The idea of extended schools has a long history, says Pam Woolner, and we can learn from ideas that have been tried in the past
The appeal of extending the use of schools beyond the traditional school day and into the wider community has a long history. Not surprisingly, it has frequently occurred to people that limiting the use of school premises to tightly restricted times and a minority of the local population is wasteful of what could be a central community resource. In this issue we look at what has been suggested and, more importantly, put into practice in the past. In the 1830s, in the north western USA, the campaigner and school reformer Henry Barnard advised that ‘the school-house is the appropriate depository of the district library’, since then it could be used by the whole community. Jonathan Priestley, father of the writer JB Priestley, is credited with having similar aspirations for Green Lane Primary School in Bradford. As headteacher at the beginning of the 20th century he oversaw provision, for the first time, of hot school dinners.
Not long after this, Teddy O’Neil’s innovations at Prestolee School took the idea of extending education considerably further. In a very ordinary red brick elementary school near Bolton, Lancashire, Mr O’Neil, headteacher from 1918 to 1953, developed an educational and social resource for the whole community. In the evenings the school was used as a community centre (the ‘Palace of Youth’) and catered for up to 400 people a night for dances and other cultural activities, at a cost of 6d (2½p) per night. The playground was constructed by the children and contained a windmill, water gardens, fountains, a well and a large paddling pool. In a lengthy declaration of all that a school should be, O’Neil listed ‘a den of hobbies and indoor games’ as well as ‘a place for lectures and teaching’; ‘a gymnasium’ but also ‘a fair garden’ and sees the premises including ‘a reference library, a picture gallery, a museum, a reading room’ (see Prestolee School website for full details).
In Cambridgeshire, Henry Morris took a different approach. As secretary of education, 1922-1954, he was determined to effect change at the local authority level. In 1924 he published his ‘Memorandum’, which explained how ‘village colleges’ could reinvigorate declining rural areas by providing a community centre for educational, social and cultural activities: The village college would take all the various vital but isolated activities in village life – the school, the village hall and reading room, the evening classes, the agricultural education courses, the Women’s Institute, the British Legion, Boy Scouts and Girl Guides, the recreation ground, the branch of the County Rural Library, the athletic and recreation Clubs – and, bringing them together into relation, create a new institution for the English countryside. As the community centre of the neighbourhood it would provide for the whole man, and abolish the duality of education and ordinary life. Morris was keen that education must not be set apart from other aspects of living. He was critical of the progressive, but essentially separate, education offered by the Danish Folk High Schools, which were boarding institutions set apart from local society. In contrast, Morris argued that the village college would be a visible demonstration in stone of the continuity and never ceasingness of education. There would be no ‘leaving school’! – the child would enter at three and leave the college only in extreme old age. It would have the virtue of being local so that it would enhance the quality of actual life as it is lived from day to day – the supreme object of education… It would not be divorced from the normal environment of those who would frequent it from day to day, or from that great educational institution, the family. The bold vision of Henry Morris was in fact put into action with a series of village colleges built during the 1930s using money from various sources including donations from American benefactors and foundations. Around the same time as the development of the Cambridgeshire village colleges, what came to be known as the ‘community school’ movement was gathering pace in the USA. This developed from a background which included the provision of ‘consolidated schools’, amalgamations of rural schools into educational and cultural centres, helped along by the ideas of educationalists and philosophers, including Henry Barnard and John Dewey, who envisaged the school as an integrated aspect of a democratic community. This idea of ‘citizen participation through the community schools’ subsequently developed across the US. Similar ideas are clearly embodied by British secondary schools, generally built in the 1960s and 70s, which house the local swimming pool, sports centre or dance and drama studio.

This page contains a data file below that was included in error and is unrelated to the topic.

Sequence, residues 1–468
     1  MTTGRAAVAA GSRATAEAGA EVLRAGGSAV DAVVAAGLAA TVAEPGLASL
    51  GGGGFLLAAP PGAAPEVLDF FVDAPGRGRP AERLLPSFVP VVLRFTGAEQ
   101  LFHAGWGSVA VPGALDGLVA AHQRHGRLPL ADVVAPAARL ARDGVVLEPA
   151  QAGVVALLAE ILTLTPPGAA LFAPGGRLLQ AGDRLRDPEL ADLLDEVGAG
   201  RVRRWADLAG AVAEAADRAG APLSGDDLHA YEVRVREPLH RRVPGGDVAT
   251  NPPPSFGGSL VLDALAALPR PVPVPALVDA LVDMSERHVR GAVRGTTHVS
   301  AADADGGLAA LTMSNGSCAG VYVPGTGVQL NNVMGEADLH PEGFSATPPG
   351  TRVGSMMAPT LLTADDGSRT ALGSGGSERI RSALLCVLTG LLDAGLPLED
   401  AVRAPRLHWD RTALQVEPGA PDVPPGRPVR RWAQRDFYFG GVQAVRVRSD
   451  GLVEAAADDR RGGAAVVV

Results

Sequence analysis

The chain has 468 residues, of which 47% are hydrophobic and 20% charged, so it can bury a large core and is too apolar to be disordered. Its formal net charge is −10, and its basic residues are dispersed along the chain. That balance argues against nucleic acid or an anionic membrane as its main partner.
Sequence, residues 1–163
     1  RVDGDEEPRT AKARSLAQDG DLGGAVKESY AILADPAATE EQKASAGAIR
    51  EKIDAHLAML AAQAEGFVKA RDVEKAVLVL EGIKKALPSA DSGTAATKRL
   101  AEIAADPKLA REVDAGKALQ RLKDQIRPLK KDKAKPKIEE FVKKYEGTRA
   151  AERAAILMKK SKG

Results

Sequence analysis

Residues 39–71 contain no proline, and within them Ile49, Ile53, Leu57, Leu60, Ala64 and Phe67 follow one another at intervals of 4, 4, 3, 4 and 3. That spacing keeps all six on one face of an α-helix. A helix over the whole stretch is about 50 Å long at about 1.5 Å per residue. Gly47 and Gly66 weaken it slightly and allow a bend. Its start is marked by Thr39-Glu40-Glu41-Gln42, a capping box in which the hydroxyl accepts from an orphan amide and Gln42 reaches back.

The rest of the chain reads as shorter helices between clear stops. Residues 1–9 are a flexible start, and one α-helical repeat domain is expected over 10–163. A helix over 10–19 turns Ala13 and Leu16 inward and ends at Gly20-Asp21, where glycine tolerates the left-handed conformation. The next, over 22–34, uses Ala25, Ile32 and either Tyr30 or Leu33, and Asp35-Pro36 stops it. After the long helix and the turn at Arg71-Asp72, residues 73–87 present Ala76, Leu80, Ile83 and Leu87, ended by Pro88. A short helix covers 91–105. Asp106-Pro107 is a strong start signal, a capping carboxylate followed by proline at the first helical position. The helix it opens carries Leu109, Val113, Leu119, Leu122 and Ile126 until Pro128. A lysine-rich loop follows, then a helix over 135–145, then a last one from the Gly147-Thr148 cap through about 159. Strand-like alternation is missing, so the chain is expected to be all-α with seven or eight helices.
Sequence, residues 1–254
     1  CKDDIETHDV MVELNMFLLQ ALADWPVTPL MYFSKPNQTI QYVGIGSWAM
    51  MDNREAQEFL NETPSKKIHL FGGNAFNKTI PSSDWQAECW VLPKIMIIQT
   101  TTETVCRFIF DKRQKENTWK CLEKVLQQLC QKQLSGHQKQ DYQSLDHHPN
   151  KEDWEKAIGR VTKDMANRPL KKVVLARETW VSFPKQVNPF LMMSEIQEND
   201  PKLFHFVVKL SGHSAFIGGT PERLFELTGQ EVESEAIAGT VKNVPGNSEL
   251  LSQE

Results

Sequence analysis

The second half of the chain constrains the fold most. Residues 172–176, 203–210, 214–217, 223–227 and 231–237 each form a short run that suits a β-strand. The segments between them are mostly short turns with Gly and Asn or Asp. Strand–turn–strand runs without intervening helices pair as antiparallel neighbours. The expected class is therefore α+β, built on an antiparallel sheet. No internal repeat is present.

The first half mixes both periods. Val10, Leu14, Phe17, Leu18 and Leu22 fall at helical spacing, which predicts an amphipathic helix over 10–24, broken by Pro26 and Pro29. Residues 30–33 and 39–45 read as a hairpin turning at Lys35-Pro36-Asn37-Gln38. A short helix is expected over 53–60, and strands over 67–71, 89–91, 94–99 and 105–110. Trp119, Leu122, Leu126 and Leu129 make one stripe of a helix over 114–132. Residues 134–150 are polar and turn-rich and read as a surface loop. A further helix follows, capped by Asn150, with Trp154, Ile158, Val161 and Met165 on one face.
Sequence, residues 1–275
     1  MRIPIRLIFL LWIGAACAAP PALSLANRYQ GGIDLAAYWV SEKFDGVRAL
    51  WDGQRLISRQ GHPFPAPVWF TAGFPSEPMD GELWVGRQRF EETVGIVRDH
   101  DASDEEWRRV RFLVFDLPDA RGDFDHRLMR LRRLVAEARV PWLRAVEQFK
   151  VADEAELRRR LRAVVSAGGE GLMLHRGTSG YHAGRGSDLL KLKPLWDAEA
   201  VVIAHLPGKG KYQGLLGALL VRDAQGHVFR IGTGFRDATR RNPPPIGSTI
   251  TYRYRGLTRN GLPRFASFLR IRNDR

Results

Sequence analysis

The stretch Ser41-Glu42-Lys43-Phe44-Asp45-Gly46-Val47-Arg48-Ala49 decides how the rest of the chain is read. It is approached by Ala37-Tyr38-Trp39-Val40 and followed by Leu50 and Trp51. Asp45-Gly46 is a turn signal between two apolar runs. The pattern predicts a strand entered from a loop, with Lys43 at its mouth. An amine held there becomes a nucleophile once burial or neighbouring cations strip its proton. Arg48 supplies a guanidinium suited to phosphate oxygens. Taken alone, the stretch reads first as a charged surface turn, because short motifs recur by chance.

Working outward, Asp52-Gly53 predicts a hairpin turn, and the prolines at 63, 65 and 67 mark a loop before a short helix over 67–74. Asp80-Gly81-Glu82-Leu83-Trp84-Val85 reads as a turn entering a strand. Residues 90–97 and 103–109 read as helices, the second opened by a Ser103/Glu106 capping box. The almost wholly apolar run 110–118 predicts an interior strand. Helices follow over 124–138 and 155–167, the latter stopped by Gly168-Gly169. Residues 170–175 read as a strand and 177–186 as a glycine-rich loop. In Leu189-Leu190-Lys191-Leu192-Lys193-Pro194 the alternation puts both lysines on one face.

A more radical conception of extended schools is seen in the USA in recent interest in ‘full service’ schools. These centre on providing health and other support services, usually based in the school grounds and so accessible to children and their families. American schools on this model date back to the late 1970s and have been described by researcher and advocate, Joy Dryfoos.
Further information about the history of extended schooling can be found on the website of the Informal Education Network.
Pam Woolner is from the Centre for Learning and Teaching at the University of Newcastle